Week 1 of Nonfiction November asks us to take a look back at our year of nonfiction and to reflect on the following questions:
What was your favorite nonfiction read of the year?
I'm never a fan of choosing a favorite but one book that I haven't stopped thinking about since I read it back in February is The Worst Hard Time by Timothy Egan. I thought I knew quite a bit about the Dust Bowl. I was wrong. The author combined history with personal narratives to craft an exceptional book that was heartbreaking and incredibly informative.
What nonfiction book have you recommended the most?
This question made me realize that I don't recommend nearly enough nonfiction to my family and friends. I'm trying to figure out why. Am I afraid that people won't be interested in books unless they are fiction? I think I could be underestimating people and I'm going to start being a bit more of an evangelist for my favorite nonfiction reads.
I'll start now by saying that you MUST read Mao's Great Famine by Frank Dikötter. That book nearly broke my soul. Read it. Please.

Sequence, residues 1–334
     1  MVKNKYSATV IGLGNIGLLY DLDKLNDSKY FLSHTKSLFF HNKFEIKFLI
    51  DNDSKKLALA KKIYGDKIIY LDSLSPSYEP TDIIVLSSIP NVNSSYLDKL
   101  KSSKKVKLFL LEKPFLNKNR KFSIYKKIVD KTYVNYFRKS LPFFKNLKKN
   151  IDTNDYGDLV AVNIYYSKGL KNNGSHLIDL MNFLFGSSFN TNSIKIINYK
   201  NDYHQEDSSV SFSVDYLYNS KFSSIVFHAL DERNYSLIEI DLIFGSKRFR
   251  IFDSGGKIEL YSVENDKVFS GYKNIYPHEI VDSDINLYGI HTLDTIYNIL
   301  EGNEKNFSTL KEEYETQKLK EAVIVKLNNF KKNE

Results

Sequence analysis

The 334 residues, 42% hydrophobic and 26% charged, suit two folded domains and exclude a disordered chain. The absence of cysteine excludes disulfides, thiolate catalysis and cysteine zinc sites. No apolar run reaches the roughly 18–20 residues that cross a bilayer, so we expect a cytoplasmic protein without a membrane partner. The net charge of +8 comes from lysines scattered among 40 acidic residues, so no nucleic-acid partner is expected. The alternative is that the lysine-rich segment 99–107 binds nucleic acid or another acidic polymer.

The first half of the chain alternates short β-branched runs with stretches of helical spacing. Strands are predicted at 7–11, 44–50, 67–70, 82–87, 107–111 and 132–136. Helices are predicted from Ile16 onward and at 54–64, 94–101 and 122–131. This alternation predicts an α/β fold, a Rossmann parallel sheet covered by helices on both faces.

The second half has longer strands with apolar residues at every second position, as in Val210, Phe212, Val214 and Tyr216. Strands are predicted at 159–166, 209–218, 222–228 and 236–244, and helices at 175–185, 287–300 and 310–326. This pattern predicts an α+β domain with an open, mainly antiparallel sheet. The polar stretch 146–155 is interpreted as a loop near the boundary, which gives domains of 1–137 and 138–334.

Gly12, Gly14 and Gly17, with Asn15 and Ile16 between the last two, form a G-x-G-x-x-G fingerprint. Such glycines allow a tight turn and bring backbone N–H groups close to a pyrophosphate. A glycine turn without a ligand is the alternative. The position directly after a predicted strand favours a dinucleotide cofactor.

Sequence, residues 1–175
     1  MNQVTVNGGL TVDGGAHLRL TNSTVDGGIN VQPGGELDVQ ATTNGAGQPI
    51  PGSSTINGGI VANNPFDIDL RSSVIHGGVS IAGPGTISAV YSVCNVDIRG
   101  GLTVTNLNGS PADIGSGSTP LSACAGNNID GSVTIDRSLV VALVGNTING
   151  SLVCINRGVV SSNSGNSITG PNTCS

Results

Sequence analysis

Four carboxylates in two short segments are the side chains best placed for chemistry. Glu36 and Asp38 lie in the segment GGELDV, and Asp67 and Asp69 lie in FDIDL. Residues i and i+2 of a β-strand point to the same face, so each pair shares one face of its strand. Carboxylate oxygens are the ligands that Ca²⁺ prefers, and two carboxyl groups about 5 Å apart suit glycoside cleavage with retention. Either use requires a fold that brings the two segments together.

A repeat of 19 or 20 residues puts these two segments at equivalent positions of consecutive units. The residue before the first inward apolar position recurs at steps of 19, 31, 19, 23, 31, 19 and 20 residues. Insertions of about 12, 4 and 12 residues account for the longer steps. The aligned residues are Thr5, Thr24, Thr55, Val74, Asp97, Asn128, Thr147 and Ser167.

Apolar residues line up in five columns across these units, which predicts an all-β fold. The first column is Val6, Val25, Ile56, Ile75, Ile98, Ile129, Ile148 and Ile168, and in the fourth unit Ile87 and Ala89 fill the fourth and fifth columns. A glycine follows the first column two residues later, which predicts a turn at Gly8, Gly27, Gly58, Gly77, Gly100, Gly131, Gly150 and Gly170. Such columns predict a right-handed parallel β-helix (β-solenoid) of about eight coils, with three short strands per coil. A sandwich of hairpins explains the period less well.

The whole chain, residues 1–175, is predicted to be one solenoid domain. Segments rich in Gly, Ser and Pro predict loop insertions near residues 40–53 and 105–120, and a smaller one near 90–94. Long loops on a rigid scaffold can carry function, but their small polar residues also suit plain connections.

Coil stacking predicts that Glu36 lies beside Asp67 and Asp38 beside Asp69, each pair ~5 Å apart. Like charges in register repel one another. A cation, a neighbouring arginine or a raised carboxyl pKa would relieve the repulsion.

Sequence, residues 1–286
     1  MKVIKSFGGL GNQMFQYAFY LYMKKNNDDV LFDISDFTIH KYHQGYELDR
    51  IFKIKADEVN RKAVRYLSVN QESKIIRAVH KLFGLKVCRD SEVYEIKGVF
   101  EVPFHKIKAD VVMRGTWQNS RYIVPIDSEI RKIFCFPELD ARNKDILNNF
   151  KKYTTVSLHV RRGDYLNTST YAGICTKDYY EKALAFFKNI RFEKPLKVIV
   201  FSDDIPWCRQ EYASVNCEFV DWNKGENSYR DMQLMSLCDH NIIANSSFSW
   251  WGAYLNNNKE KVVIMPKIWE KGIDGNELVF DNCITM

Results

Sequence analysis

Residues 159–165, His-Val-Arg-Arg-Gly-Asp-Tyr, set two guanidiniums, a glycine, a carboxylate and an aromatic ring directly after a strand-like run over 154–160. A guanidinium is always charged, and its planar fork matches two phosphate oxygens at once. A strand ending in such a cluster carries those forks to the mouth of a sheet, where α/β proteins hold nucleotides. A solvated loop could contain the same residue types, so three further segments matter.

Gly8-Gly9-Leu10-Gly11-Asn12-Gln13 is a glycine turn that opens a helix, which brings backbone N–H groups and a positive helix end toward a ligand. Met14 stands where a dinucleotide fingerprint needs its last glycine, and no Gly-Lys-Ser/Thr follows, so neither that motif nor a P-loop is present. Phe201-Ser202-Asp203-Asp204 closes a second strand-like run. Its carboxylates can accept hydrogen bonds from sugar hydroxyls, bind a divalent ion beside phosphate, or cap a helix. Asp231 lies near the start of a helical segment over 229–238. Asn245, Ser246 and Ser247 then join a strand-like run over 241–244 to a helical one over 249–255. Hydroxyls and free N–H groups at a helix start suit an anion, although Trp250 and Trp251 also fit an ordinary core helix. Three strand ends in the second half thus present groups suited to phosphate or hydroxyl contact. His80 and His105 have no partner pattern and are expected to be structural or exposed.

What is one topic or type of nonfiction you haven’t read enough of yet?
I'd like to read more nonfiction about science. For instance, I've been hearing about the wonderfully accessible works by Mary Roach forever but haven't gotten around to actually reading any of them.
What are you hoping to get out of participating in Nonfiction November?
I've read less nonfiction this year than most and I'm hoping that this event will give me the impetus to sneak a few more in before the end of 2014. I'm really excited to see the book blogging community talking about nonfiction books and I'm looking forward to adding more titles to my impossibly long wish list.
Here's to Nonfiction November. Let's go learn some stuff!